Full-backs were once renowned for their defensive capabilities. They became famous for their uncompromising tackling. Bolton Wanderers had two legendary exponents in Roy Hartle and Tommy Banks. Another was Liverpool defender Gerry Byrne, who played most of the 1965 Cup final, including extra-time, with a broken collarbone. Eventually, full-backs starting venturing further forward. For example, a contemporary of Byrne’s, Chris Lawler, would join in the attacks of Shankly’s teams and World Cup winner George Cohen of Fulham was often seen surging down the right wing at Craven Cottage. Now we can watch a modern genius at full-back: Marcelo.
Marcelo: A Modern Genius at Full-Back
Brazilians Transformed the Position
Brazilians often come to mind when you think of players in these positions. Starting back in the 1950s, it was Nilton Santos who many consider expanded the role. Then think of the thundering free-kicks of Roberto Carlos or the 1970 World Cup final goal of Carlos Alberto. The full-back became a key component of Brazilian teams’ attacks.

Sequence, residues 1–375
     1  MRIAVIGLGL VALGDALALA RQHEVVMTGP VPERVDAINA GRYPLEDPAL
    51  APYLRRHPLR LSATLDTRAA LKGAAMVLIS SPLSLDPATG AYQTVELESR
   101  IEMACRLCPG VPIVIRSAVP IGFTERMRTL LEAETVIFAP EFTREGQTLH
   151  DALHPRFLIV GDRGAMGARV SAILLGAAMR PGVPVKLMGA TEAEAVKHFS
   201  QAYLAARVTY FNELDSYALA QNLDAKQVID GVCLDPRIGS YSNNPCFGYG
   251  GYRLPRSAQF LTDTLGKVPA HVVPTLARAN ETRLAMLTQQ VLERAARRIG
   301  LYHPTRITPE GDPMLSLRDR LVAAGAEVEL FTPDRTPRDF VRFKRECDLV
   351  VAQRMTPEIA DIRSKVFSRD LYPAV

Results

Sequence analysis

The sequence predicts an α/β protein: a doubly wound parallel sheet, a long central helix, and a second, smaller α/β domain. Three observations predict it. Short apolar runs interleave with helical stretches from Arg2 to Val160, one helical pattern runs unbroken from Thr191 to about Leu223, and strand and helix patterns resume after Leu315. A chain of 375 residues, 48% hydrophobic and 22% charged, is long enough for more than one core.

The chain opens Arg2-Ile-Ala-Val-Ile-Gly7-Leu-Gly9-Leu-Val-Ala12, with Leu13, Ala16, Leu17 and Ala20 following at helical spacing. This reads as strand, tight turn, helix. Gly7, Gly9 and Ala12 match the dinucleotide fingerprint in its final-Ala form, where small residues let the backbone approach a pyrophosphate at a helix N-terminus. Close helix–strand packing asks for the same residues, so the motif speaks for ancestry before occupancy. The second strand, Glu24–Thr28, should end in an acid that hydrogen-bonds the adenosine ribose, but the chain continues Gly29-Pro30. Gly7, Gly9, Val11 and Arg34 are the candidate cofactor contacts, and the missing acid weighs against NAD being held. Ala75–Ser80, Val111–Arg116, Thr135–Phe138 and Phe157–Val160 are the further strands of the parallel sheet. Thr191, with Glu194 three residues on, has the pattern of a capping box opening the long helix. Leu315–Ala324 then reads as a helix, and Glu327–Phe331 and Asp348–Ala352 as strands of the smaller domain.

A Modern Genius
The current undoubted leading exponent is Marcelo. In a Real Madrid team of Galacticos, he stands out for his skill and attacking prowess. Spectators are drawn to the left wing where his flicks, left-foot artistry and combinations light up a match. At the FIFA Club World Cup he set-up Gareth Bale for two of his goals against Kashima Antlers with his usual stunning nonchalance. In a game in which Madrid dominated, Marcelo was able to go through his full repertoire. The odd nutmeg, instant control and even the catching of a pitch invader all featured. Though Bale would get the headlines, he could thank the 30-year-old Brazilian for his assistance. One wonders what the likes of Hartle and Banks would think of how the full-back role has been transformed by the likes of Marcelo.